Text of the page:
The U.N. report said "large amounts of the proceeds" of OTC and other lumber concessions go to Taylor and "are used for extra-budgetary activities, including the acquisition of weapons." U.S., European and African diplomats, as well as Liberian sources, say Taylor and his colleagues also profit heavily through activities that help destabilize West Africa, including illicit trading in diamonds that are used to purchase weapons and fuel some of the world's most vicious conflicts.

That is the main focus of the U.N. report. Dozens of sources -- including regional intelligence sources, weapons transporters and two sources with direct knowledge of Taylor's dealings -- said that the document, while flawed, paints a generally accurate picture of Taylor's role. The sources said Taylor is part of a regional arms-shipment and diamond-smuggling network that provides weapons throughout the continent, a shadowy pipeline stretching from former Soviet bloc countries across Africa with the support of senior East European officials and senior members of the governments of Burkina Faso, Niger, Togo and Guinea.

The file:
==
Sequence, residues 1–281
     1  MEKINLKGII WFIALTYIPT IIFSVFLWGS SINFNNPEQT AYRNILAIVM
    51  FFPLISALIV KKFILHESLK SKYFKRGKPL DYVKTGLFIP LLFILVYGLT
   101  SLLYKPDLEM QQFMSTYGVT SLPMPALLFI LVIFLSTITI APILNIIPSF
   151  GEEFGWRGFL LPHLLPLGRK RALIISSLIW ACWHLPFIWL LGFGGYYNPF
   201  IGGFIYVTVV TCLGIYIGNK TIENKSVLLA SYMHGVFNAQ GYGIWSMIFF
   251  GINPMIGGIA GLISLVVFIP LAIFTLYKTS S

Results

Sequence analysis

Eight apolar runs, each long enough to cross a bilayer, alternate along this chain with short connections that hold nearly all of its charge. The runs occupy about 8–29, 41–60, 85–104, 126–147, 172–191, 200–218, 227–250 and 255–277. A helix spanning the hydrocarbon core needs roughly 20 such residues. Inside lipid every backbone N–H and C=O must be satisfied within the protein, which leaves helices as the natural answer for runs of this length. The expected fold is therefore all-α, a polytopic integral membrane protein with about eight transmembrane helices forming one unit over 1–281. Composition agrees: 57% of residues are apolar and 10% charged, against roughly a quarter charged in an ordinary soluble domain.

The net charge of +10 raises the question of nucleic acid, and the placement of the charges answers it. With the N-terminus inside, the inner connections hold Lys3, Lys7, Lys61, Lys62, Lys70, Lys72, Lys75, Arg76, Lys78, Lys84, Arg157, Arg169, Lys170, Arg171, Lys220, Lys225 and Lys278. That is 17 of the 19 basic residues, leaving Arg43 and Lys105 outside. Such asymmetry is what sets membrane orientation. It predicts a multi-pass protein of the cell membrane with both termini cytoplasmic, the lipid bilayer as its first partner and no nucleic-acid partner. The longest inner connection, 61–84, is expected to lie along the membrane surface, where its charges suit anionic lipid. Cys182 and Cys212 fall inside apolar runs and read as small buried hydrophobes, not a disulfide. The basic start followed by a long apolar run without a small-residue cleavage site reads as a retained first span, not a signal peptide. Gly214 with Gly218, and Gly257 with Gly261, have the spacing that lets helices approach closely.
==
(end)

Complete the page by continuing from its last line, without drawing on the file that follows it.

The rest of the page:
The most prominent group benefiting from Taylor's support is the Revolutionary United Front (RUF), a rebel force fighting in neighboring Sierra Leone. The RUF in recent years has gained international notoriety by hacking hands and legs off thousands of civilians, razing hundreds of villages and forcing thousands of children into combat.

Taylor denied he is involved in criminal activity or in diamonds-for-weapons deals and said he had severed all links to the RUF.

In a written response to the U.N. report, the Liberian government said the U.N. panel of experts was "biased and prejudiced in its investigation, allegations and conclusions. . . . The standards employed . . . are reminiscent of the long-discredited Star Chamber proceedings, McCarthyism and outright character assassination."

But a source with direct knowledge of Taylor's dealings said: "Taylor and his circle were deeply shaken by the report because someone high in his government obviously gave [the investigators] very good information. It is full of truth."